Our previous studies in erythroid cells suggested that gene association with transcription factories is dynamic, with genes moving to preformed factories in order to transcribe [9]. Inducible gene expression in B cells permitted us to examine the dynamics of transcription in relation to transcription factories. We speculated that the activation of previously quiescent IE alleles upon B cell induction may involve repositioning of alleles to transcription factories. However, the Myc gene has a well-characterized attenuation site that is thought to block passage of RNAP II, resulting in a stalled polymerase [22]. This observation leaves open the possibility that silent Myc alleles may be pre-positioned in factories awaiting removal of a transcriptional block.

We first examined the positions of actively transcribed genes relative to transcription factories, using RNA immuno-FISH (Figure 2). We found that 92% of Myc RNA FISH signals are associated with strong RNAP II foci (Figure 2A). Similarly, 90% of transcriptionally active Igh alleles are associated with strongly staining RNAP II foci (Figure 2B), consistent with previous observations of erythroid-expressed genes [9,10]. Others have shown that the remaining 10% of RNA FISH signals localize to weakly staining RNAPII foci [10], indicating that essentially all transcriptionally active alleles associate with transcription factories. This observation agrees with previous studies that showed a good correspondence between pulse-labeled nascent RNA and RNAPII foci [7,11]. We conclude that all Myc and Igh transcription occurs at transcription factories.

Figure 2. Transcription of Myc and Igh Occurs at Transcription Factories in B Cells

RNA immuno-FISH (RNA FISH combined with immunodetection of RNAP II) shows the positions of transcribing Myc (A) and Igh (B) alleles (red) relative to transcription factories (green). Shown are deconvoluted, single optical sections of stimulated B cells. We have presented cells in which both transcribing alleles are in the same focal plane. The Myc and Igh RNA FISH signals show 92% (n = 52) and 90% (n = 89) co-association with RNAP II foci, respectively. Scale bar, 2 μm.

Next, we investigated the position of nontranscribing alleles by DNA immuno-FISH, which detects DNA of both active and inactive alleles and RNAP II proteins. We found that approximately 30% of Myc DNA FISH signals overlapped with RNAP II foci in unstimulated cells, while 70% were not associated with RNAP II foci. These results are consistent with the percentage of transcriptionally active alleles detected by RNA FISH (Figure 3A and 3C), and show that the inactive Myc alleles are not associated with transcription factories, but are instead positioned away from these sites. Three-dimensional DNA FISH measurements between the inactive Myc alleles and the nearest transcription factory show that on average silent Myc alleles are 500 nm from the nearest factory (Figure 3D).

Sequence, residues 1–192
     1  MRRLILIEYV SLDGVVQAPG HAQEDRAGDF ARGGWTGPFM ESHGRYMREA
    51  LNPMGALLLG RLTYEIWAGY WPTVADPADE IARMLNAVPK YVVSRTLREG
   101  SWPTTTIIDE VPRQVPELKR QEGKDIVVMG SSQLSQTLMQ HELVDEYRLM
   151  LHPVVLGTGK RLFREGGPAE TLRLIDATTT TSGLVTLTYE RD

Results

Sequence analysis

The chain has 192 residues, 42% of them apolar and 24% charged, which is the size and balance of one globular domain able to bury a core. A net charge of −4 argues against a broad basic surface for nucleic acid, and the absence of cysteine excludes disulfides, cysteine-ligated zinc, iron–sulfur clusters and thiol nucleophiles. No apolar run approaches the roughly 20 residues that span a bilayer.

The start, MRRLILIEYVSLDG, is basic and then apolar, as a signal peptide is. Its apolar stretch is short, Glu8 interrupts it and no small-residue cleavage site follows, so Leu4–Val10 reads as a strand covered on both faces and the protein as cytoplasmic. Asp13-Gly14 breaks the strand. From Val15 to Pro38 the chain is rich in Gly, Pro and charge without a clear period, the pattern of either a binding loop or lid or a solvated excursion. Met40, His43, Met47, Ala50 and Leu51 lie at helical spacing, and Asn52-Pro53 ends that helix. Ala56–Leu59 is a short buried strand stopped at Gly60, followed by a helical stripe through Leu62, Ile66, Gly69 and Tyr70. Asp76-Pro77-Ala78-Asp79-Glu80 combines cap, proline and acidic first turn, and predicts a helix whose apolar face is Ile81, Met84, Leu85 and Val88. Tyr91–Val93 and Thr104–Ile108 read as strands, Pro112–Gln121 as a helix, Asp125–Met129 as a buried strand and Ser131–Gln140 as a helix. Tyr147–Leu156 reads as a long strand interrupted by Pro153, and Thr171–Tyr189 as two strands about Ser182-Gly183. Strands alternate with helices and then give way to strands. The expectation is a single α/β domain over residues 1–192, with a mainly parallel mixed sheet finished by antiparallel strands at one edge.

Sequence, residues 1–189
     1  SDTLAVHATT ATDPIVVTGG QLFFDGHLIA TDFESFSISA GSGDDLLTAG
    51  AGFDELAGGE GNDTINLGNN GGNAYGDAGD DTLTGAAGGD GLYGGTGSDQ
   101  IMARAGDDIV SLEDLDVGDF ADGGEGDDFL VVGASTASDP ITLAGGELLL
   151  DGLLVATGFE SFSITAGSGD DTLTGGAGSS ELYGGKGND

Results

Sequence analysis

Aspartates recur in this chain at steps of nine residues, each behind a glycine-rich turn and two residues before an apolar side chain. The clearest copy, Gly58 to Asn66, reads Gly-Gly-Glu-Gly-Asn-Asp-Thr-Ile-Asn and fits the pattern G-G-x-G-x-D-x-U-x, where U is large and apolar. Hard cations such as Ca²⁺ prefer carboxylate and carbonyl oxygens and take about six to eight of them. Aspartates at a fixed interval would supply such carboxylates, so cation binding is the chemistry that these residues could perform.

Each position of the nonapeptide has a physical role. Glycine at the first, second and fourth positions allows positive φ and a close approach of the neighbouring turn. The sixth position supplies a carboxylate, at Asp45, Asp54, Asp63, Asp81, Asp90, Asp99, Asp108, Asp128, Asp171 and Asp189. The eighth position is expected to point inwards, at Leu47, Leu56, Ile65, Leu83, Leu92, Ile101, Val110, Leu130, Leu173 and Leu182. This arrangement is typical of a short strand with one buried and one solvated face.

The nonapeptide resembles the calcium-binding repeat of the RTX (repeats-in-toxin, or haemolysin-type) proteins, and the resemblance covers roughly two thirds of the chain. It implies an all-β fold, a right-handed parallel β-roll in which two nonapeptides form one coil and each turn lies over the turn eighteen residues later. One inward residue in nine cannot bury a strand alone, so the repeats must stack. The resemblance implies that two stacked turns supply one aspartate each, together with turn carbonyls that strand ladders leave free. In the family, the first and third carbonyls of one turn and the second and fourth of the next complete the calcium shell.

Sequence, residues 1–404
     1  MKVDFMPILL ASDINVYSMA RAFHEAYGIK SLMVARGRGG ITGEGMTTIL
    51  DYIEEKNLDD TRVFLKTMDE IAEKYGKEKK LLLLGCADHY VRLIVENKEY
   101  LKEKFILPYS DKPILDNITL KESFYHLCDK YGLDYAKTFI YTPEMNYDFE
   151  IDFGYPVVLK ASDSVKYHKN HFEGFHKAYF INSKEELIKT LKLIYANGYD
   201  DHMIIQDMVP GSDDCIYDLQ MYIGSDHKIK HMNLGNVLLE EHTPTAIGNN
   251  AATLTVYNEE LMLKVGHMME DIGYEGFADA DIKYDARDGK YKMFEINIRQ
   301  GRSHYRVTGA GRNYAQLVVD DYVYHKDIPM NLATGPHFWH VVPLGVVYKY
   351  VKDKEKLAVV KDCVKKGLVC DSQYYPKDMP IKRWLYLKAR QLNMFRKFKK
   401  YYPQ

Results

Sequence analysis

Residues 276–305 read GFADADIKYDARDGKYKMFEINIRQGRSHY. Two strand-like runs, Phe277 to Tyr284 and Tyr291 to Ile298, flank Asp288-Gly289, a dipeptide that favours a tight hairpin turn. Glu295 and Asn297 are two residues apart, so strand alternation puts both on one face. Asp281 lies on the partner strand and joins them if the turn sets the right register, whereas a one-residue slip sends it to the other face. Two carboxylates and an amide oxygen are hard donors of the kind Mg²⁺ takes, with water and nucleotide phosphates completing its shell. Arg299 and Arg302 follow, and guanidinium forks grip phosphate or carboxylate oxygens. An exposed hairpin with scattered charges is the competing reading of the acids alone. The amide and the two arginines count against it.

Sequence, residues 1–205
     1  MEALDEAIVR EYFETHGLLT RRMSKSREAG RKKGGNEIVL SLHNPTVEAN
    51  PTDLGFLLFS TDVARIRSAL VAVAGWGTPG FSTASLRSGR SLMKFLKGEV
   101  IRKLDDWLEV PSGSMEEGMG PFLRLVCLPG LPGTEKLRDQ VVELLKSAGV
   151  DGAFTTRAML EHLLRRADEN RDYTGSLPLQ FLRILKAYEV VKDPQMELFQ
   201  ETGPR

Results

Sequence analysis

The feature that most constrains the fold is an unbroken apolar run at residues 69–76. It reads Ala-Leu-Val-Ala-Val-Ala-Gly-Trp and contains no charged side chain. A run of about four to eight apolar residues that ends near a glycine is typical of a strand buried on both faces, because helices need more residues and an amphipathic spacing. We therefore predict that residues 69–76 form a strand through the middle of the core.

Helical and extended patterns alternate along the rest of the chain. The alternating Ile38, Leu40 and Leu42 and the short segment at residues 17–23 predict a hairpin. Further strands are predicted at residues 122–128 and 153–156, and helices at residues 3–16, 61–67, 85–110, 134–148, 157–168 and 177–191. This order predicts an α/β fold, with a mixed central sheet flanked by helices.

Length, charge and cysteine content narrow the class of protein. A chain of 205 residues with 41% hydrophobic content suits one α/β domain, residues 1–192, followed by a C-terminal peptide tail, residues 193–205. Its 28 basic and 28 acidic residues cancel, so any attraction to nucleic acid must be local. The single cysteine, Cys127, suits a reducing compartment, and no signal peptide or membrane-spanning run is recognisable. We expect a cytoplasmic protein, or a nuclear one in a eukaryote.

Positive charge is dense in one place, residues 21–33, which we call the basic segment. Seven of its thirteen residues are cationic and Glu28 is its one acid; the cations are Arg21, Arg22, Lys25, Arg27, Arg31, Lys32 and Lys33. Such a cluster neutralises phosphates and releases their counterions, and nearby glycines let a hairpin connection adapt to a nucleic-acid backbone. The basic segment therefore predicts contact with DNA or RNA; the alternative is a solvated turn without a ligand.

Figure 3. Relocation of Myc Alleles to RNAP II Foci upon B Cell Activation

(A and B) DNA immuno-FISH of Myc locus (red) with RNAP II staining (green) in unstimulated (A) and stimulated (B) splenic B cells. Deconvoluted, single optical sections of the nuclei are shown. Scale bar, 2 μm.

(C) Comparison of the percentage of Myc loci that overlap with an RNAP II focus by DNA immuno-FISH (black, n = 81 and n = 88 for unstimulated and stimulated, respectively), and the percentage of transcriptionally active Myc alleles by RNA FISH (gray) in unstimulated (0′) and 5 min–stimulated (5′) B cells. Comparison of DNA immuno-FISH results in unstimulated versus stimulated cells, p = 6.6 × 10−6. Comparison of RNA FISH results in unstimulated versus stimulated cells, p = 3.9 × 10−23. Comparisons between DNA immuno-FISH and RNA FISH results in unstimulated and stimulated cells yielded p-values of 0.55 and 0.12, respectively.

(D) Box and whiskers plot of the distribution of 3D measurements of the separation distance between non-RNAP II-associated Myc alleles and the nearest RNAP II focus by DNA immuno-FISH. Lower and upper whiskers denote the 10th and 90th percentiles, respectively, of the distribution. The lower and upper limits of the boxes indicate the 25th and 75th percentiles, respectively. Solid and dashed lines in the box denote the median and mean, respectively. Outliers are shown as filled circles.

After 5 min of stimulation the percentage of Myc loci associated with transcription factories increased to 65%, in agreement with the increased percentage of actively transcribing Myc alleles determined by RNA FISH (Figure 3B and 3C). These results show that Myc induction involves an increase in the percentage of Myc alleles associated with transcription factories. The increase of gene association with factories could be achieved in two ways. Myc transcriptional induction could involve the nucleation of transcription factories on newly activated Myc alleles. Alternatively, transcriptional induction could involve the rapid relocation of silent Myc alleles to preassembled transcription factories.